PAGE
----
Nontechnical employees
as lab assistants

Q: At our lab, the clerks
(nontechnical personnel) do a lot of the processing of our specimens, as well as delivering the specimens to the various testing areas. One of the chemistry techs wants the clerks to place the specimens directly on our major chemistry instrument, in order to save her time, so they do that. The clerks do know what hemolysis and lipemia look like and are supposed to flag such specimens. We have autoverification; therefore, it is likely that many of the chemistry samples will never have been seen or touched by a tech. What does the panel think of this practice?

A: The panel is not in complete agreement on this issue.

Larry Crolla asks, What are the responsibilities of techs in your lab? If they only look for lipemia and hemolysis before placing the sample on the instrument, and the clerks are capable, then I would think it makes little difference who places the samples on the instrument, since the tech is monitoring the instrument. If you think a tech is necessary to monitor the samples for hemolysis, lipemia and sample integrity, then a tech should be used.

Alton Sturtevant advises, If managed correctly, this is a wise use of resources. It sounds like your laboratory has already entrusted the lab assistants with responsibilities that may have more of an adverse affect on patient results than lipemia or hemolysis could. Each laboratory should adopt a standardized method for identifying hemolysis, icterus and lipemia levels for all employees to use, whether they are technologists or lab assistants. This protocol should be used to train the employees to react in a uniform manner to best control and identify specimen problems to assist the physicians in the interpretation of their patients results. Some instruments are capable of measuring and quantifying these constituents, thereby providing an objective measurement for use. This is superior to using the naked eye for this function and probably should be a consideration for your specifications of instrument selection in the future.

Dr. Sturtevant adds, The protocol should define levels of lipemia, hemolysis and icterus, and what actions would be taken as a result of the level. Define which tests are affected, what the effect is, whether the test should be performed and a set of canned messages to provide with the report. Each report of the identified aberration should provide helpful interpretive information for the physician rather than just stating slight hemolysis present.

Marti Bailey says, It is poor practice. Ascertaining the proper identification of the specimen and whether or not its satisfactory for testing are integral to the hands-on analytic phase of the testing of the sample and should be performed by personnel who meet CLIA requirements for the level of testing being performed. Although technically you may be meeting CLIA requirements because there is adequate supervision, in reality youre shifting duties from certified to noncertified personnel, thereby following a practice that is most likely not standard to the industry. Some might argue that you dont need a trained professional to load specimens on an analyzer. Im sure that some clerical personnel would do a great job, but based on my own labs experience, these folks turn over so quickly that were constantly faced with retraining new hires. Determining at what point a new hire would be capable of handling this task may be difficult at best.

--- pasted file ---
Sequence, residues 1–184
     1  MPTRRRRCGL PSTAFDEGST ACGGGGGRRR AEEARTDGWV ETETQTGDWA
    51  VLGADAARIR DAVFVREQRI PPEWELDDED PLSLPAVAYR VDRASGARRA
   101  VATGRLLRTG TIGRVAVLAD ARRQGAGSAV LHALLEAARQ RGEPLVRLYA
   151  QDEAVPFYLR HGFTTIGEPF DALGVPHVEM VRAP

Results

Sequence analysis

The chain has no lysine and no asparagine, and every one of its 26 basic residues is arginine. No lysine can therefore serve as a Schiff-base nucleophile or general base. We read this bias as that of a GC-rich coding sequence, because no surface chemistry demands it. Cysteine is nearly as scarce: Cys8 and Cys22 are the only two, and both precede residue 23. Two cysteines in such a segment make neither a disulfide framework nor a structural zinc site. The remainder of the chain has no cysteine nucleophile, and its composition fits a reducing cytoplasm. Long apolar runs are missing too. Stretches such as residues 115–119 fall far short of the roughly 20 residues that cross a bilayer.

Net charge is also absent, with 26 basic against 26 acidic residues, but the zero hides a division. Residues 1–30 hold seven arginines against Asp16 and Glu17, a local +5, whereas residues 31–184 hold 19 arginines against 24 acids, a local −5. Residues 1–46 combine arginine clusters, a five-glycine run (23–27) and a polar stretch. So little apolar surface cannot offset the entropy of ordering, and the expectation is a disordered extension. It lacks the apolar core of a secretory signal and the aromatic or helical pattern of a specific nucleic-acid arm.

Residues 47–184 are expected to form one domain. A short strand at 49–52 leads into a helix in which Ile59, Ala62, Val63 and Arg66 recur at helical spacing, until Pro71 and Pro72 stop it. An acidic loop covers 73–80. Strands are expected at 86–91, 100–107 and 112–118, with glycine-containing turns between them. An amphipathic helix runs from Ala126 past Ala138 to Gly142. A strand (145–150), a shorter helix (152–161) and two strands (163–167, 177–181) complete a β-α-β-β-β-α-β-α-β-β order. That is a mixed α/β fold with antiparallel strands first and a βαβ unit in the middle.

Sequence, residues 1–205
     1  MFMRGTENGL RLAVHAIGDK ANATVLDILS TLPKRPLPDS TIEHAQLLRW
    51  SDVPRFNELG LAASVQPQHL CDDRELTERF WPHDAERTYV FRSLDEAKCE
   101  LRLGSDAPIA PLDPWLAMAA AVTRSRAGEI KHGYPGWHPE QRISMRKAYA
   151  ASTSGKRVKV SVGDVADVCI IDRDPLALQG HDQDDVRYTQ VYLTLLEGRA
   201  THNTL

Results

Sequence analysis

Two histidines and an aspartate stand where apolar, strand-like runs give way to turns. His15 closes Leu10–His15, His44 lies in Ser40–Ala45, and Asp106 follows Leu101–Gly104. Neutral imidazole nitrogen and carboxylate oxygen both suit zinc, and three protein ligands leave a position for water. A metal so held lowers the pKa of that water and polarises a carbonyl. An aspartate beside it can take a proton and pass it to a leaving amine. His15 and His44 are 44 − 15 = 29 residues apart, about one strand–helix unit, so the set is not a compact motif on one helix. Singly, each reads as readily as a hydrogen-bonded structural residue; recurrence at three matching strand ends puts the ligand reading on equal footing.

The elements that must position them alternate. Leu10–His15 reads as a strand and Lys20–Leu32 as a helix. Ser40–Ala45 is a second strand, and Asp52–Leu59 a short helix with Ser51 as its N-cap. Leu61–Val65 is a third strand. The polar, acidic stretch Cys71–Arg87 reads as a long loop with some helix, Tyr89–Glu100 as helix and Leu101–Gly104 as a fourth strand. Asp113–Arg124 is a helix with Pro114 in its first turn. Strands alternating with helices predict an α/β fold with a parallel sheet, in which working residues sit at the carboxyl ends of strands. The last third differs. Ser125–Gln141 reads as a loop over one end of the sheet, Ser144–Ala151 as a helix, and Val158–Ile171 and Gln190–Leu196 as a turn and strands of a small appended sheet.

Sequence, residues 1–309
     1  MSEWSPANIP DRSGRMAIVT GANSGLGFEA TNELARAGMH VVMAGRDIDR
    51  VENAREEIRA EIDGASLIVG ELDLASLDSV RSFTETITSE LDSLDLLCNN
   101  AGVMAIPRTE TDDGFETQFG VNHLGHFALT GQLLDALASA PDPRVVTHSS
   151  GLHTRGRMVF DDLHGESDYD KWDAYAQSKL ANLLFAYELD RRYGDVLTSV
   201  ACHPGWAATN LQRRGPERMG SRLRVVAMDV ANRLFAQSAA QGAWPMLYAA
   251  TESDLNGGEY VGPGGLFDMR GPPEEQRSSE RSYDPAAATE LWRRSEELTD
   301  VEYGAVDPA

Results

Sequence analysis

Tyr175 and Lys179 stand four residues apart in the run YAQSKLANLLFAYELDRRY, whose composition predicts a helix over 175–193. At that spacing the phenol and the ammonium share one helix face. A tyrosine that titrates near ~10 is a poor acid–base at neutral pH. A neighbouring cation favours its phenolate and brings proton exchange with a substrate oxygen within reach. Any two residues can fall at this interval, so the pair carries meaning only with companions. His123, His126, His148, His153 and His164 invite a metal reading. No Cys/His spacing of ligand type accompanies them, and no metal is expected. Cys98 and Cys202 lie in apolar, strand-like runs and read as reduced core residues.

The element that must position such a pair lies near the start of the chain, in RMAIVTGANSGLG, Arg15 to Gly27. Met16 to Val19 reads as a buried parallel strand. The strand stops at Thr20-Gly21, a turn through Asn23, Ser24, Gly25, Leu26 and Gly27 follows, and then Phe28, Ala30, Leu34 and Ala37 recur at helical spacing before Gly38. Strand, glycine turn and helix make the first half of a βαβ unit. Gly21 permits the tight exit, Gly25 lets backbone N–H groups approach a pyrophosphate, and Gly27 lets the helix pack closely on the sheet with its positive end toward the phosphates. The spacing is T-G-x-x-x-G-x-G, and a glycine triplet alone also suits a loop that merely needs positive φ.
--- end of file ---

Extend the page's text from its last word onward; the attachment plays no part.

Bottom line. Whatever you decide, it needs to be a standard, written policy that applies to everyone. This type of practice cannot be optional. The responsibilities of both the clerical staff who do specimen processing and the technical staff who do testing need to be spelled out and compliance with the procedure enforced.

Figure 1
CLIA requirements
Request slips/accession logs 2 years
Quality assurance records 2 years
Proficiency testing records 2 years from date of receipt
Quality control nonblood bank 2 years
Quality control-blood bank 5 years (FDA-10 years)
Test records nonblood
(instrument printouts, PM, logs, etc.)
bank 2 years 
Test records blood bank
(instrument printouts, PM, logs, etc.)
5 years (FDA-10 years)
Test records pathology
(cytology and histology)
10 years
Slides cytology 5 years (CAP fine needle-10 years)
Slides histology 10 years
Paraffin blocks 2 years (CAP-10 years)
Tissue specimens Completion of diagnosis
(CAP 2 weeks after report)
Serum/CSF/body fluids CAP 48 hours
Urine CAP 24 hours
Peripheral/body fluid smears CAP 7 days
Permanently stained slides (i.e., gram) CAP 7 days
Cytogenetic slides CAP 3 years
Blood bank specimens CAP 7 days post-transfusion

Christopher S. Frings is an internationally known consultant and speaker on the topics of leadership, managing change, time management, reaching goals, and stress management. His consulting firm, Chris Frings & Associates, is in Birmingham, AL.

                                                                        January 2003: Vol. 35, No. 1